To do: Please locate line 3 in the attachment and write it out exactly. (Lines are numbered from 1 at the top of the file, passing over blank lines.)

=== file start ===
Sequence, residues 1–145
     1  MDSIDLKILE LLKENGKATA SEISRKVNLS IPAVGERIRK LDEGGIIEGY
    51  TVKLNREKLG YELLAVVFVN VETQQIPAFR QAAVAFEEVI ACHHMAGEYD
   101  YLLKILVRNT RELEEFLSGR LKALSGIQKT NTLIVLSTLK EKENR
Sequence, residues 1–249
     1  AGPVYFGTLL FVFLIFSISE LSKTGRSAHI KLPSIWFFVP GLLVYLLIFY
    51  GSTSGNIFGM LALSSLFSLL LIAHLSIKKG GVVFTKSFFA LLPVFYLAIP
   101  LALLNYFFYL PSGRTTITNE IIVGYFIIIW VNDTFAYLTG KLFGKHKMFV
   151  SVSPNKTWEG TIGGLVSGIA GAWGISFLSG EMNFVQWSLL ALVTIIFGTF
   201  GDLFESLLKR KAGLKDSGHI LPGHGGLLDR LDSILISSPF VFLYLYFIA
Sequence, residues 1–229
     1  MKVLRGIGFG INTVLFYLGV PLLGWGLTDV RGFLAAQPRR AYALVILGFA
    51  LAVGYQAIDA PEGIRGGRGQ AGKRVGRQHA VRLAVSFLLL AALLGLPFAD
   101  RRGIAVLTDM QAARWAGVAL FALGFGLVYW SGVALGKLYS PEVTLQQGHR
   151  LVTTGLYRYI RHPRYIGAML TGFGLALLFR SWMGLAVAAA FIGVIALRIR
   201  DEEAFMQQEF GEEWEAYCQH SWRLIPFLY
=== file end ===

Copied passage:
    51  TVKLNREKLG YELLAVVFVN VETQQIPAFR QAAVAFEEVI ACHHMAGEYD